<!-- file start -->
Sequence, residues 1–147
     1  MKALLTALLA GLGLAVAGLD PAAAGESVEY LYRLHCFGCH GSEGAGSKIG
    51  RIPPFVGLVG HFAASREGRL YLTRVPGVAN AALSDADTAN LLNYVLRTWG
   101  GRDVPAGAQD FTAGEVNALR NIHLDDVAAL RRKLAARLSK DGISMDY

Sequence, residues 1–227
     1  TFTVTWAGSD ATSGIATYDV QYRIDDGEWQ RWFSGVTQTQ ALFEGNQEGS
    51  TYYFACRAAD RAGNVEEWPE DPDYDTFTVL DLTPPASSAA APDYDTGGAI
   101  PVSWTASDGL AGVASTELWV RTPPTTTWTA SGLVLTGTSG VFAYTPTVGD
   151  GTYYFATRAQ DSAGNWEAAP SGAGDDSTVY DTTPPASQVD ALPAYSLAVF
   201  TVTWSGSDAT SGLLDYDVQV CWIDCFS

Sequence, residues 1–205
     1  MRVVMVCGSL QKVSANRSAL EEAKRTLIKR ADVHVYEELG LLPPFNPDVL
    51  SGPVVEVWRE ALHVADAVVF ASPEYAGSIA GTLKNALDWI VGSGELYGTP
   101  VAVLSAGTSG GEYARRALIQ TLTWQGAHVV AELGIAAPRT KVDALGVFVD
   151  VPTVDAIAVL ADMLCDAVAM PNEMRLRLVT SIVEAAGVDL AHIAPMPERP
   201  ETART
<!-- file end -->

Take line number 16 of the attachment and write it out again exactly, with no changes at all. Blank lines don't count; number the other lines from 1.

   201  ETART